def my_decorator(function_to_be_decorated):

    def wrapper_function():
        print("This is some code before the decorated function")

        function_to_be_decorated()

        print("This is some code after the decorated function")

    return wrapper_function

Extending a Function with a Decorator Function

Now that you’ve defined your decorator, you need to apply it to the function you want to extend. Let’s define a simple function my_func() that prints a string on the console.

def my_func():
    print("This is the function to be decorated")

my_func()

Output:

This is the function to be decorated

You’ll extend the my_func() function using the my_decorator() decorator function you defined in the last section. To decorate a function, simply pass the function to the decorator as a parameter as shown in the following script.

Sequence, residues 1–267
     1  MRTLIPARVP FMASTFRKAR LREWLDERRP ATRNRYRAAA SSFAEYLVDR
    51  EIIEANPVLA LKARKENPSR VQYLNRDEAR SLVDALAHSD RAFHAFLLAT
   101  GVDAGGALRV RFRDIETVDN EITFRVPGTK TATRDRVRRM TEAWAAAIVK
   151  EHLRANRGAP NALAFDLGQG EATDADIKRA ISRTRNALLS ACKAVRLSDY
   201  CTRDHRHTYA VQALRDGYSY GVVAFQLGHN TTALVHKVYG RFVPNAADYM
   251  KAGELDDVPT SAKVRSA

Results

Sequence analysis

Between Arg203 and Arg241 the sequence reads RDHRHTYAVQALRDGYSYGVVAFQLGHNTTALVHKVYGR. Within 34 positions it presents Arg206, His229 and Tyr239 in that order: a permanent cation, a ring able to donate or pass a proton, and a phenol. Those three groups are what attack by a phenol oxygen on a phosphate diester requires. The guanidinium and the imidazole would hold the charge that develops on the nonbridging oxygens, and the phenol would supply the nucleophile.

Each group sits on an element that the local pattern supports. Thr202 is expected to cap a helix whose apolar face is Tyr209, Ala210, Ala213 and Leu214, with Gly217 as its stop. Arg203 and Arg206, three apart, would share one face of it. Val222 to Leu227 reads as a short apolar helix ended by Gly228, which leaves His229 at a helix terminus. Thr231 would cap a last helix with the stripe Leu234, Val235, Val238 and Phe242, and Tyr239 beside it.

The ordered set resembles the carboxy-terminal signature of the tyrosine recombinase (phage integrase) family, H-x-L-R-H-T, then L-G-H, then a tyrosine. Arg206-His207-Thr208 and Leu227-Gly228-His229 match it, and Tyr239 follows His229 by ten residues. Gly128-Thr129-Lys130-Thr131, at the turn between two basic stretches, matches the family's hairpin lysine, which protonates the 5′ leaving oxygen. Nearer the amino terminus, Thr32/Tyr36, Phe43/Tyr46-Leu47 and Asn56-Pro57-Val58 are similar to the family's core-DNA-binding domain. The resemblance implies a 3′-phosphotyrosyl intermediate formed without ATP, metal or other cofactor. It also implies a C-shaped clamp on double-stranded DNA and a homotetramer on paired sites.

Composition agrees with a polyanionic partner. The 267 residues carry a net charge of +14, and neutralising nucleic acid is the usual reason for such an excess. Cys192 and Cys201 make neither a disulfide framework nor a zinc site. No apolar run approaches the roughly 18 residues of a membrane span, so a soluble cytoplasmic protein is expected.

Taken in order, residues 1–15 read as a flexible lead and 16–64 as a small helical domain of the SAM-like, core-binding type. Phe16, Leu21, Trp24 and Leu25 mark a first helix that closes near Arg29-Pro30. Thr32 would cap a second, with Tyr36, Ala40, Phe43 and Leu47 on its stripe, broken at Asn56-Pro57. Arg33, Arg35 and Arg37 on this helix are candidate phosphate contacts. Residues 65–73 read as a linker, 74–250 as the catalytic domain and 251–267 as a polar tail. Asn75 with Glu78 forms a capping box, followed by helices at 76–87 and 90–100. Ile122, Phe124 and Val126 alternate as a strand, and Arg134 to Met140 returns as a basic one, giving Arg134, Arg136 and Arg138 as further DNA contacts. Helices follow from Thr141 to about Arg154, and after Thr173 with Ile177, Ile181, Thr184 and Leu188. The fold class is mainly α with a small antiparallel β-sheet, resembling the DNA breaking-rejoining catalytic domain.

decorated_function = my_decorator(my_func)

What kind of output do you think we’ll get when we call the decorated_function(), like we do at the end of this combined script?

def my_decorator(function_to_be_decorated):

    def wrapper_function():
        print("This is some code before the decorated function")

        function_to_be_decorated()

        print("This is some code after the decorated function")

    return wrapper_function

def my_func():
    print("This is the function to be decorated")

decorated_function = my_decorator(my_func)

decorated_function()

The output below shows the output of the wrapper_function() you created inside the my_decorator() function is printed. You can see that the functionality of the my_func() function has now been extended and two additional print statements are printed in the output of the function.